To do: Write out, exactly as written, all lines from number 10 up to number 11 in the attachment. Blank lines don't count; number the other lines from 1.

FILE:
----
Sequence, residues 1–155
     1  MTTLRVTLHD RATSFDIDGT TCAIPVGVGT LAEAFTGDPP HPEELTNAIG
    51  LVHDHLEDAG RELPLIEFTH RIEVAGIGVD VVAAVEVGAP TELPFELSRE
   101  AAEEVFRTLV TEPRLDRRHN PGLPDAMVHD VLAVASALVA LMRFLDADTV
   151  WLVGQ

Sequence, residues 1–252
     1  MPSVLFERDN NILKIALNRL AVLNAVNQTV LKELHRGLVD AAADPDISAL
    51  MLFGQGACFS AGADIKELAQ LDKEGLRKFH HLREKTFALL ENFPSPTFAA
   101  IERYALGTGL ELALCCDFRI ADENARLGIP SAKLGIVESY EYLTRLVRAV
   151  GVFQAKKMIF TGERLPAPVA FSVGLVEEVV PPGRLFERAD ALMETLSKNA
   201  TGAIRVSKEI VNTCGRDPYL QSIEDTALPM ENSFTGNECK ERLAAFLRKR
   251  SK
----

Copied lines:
   151  GVFQAKKMIF TGERLPAPVA FSVGLVEEVV PPGRLFERAD ALMETLSKNA
   201  TGAIRVSKEI VNTCGRDPYL QSIEDTALPM ENSFTGNECK ERLAAFLRKR